Osteoarthritis (OA) is a major cause of pain and disability, with 18.8 million people being affected across the UK. In England, one in five people over the age of 45 has knee OA (Versus Arthritis, n.d.) and the rates are constantly increasing due to an aging population and a rise in obesity. Knee OA leads to major social, psychological, and economical burdens with a substantial financial burden to the individual and society. Overall annual costs of OA to the healthcare system are estimated to be £10.2 billion (Woolf 2018).
Total knee replacement (TKR) is considered the most common and effective treatment for end-stage knee OA. Yet, as with any surgical intervention, TKR poses some risks including post-operative complications, persistent pain, and the need for revision surgery (Weinstein et al. 2013; Wylde et al. 2011, 2018). Furthermore, TKR carries a high cost, which is expected to rise as the demand for TKR grows, adding yet a greater burden to the healthcare system.
Interestingly, since the COVID-19 pandemic and the need to postpone a huge number of surgeries, the waiting lists for TKR have grown exponentially, with the number of inpatient procedures rising by 73% compared to the previous year (Hampton et al. 2021). Healthcare systems are trying to address the backlogs, but with limited capacities for elective surgery, patients are left untreated, and the recovery from the backlog is much slower than required. Therefore, it is paramount that health systems look for effective alternatives for treating these cohorts with interventions that are able to significantly delay and potentially avoid the need for joint replacement surgery altogether where possible.
The National Institute of Clinical Excellence (NICE) guidelines outline core treatments such as education and exercise as first line care, progressing to more advanced biomechanical modalities such as valgus knee braces and orthotics along with pharmacological interventions and knee injections (Conaghan et al. 2008). With approximately 6-19% of all knee OA cases being considered severe and quality of life reported “worse than death” (Versus Arthritis, n.d.), effective treatments to delay surgery or alleviate symptoms while waiting for surgery are essential. One such intervention includes a non-invasive biomechanical device (AposHealth®) that manipulates the center of pressure (COP) to shift loads and train neuromuscular control. This intervention has been reported in randomized controlled trials and via real world evidence to significantly reduce pain, improve function and biomechanical indicators for disease severity that correlate with the likelihood of TKR (Reichenbach et al. 2020; Haim et al. 2012; Bar-Ziv et al. 2013; Elbaz et al. 2014).
Between 2017 and 2019, the biomechanical treatment (AposHealth®) was commissioned by an NHS Clinical Commissioning Group (CCG) as a non-invasive solution for patients that met the criteria for orthopaedic referral for TKR. The objective of the service was to improve the care of knee OA patients and manage their condition conservatively. This approach could also produce economic advantages from avoided costs associated with surgery, along with a system-wide solution to support and manage the elective backlogs. With over 2 years of data, the purpose of the current study was to examine the surgery avoidance rate amongst TKR candidates that received this intervention and assess its clinical effect over time.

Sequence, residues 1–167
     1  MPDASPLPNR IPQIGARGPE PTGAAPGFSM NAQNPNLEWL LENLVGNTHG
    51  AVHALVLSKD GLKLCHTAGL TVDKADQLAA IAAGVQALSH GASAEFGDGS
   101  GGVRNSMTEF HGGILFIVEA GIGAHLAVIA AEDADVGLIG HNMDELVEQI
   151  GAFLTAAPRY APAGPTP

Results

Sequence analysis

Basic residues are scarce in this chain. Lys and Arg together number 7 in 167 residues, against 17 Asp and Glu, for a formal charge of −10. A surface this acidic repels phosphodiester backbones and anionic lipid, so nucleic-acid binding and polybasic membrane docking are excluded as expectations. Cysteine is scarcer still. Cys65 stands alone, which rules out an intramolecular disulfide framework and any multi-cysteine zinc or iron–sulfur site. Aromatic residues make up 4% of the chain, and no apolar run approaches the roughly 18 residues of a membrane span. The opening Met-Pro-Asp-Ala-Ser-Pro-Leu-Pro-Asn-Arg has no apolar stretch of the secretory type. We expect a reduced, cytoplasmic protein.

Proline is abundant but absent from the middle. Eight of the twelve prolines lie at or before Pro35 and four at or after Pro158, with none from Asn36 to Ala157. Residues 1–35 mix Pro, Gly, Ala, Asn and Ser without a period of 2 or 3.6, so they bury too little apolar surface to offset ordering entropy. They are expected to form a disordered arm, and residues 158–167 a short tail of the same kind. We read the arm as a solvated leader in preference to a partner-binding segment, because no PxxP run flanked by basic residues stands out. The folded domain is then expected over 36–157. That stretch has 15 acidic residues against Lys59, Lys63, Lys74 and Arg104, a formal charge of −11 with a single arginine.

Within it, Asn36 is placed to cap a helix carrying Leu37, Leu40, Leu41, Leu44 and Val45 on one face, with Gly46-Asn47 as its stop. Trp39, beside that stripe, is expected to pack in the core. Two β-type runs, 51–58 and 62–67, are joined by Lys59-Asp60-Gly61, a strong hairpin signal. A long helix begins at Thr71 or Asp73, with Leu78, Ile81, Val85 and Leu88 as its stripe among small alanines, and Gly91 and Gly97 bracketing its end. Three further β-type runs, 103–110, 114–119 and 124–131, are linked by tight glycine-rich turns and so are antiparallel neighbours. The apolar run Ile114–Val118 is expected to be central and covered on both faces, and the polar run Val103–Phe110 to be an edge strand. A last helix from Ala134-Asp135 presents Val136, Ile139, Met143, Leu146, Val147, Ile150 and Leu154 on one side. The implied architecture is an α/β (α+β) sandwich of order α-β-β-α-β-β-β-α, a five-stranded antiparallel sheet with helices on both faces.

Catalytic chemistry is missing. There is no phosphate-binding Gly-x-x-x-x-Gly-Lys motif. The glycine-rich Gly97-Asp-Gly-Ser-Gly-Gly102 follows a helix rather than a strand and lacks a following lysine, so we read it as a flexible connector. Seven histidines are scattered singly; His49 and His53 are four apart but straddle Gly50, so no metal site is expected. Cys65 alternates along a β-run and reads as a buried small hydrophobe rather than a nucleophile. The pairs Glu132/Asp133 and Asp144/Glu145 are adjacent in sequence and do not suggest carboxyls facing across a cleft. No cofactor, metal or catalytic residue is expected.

The study was a retrospective analysis of 365 patients with end-stage knee OA that began treatment between November 2017 and November 2019 and were in treatment for at least 2 years. All patients had met the criteria for orthopaedics referral as set out in the CCG’s Value-Based Commissioning Policy and been screened by the CCG’s clinical triage team to ensure appropriate candidate selection (Table 1). Once referred into the service, patients were assessed by specially trained physiotherapists and suitable candidates were enrolled in the programme. The protocol was not approved by an ethics committee, however the local NHS Trust’s Clinical Audit Team reviewed and approved this research work as an audit on commercial activity. In addition, all patients that started treatment signed a consent that acknowledges that their data might be used for research purposes while maintaining their privacy.
The primary outcome measure was surgery avoidance rates at 2 years. All patients were contacted between June and November 2021, at least 2 years from commencing treatment to assess their surgical status. Patients that were lost to follow-up were either contacted by telephone or the data provided from the hospital databases regarding their surgical outcome. Secondary outcomes included changes in clinical outcomes evaluated at baseline, 3, 6, 12 and 24 months into the treatment. The WOMAC questionnaire and Oxford Knee Score (OKS) were used to assess changes in patients’ perception of pain and function (Hmamouchi et al. 2012; Lundgren-Nilsson et al. 2018; Harris et al. 2013). The OKS was developed and validated for use with individuals undergoing knee arthroplasty and measure outcomes following rehabilitation of patients with knee OA. OKS was completed by patients at 6-month intervals since commencing the biomechanical treatment.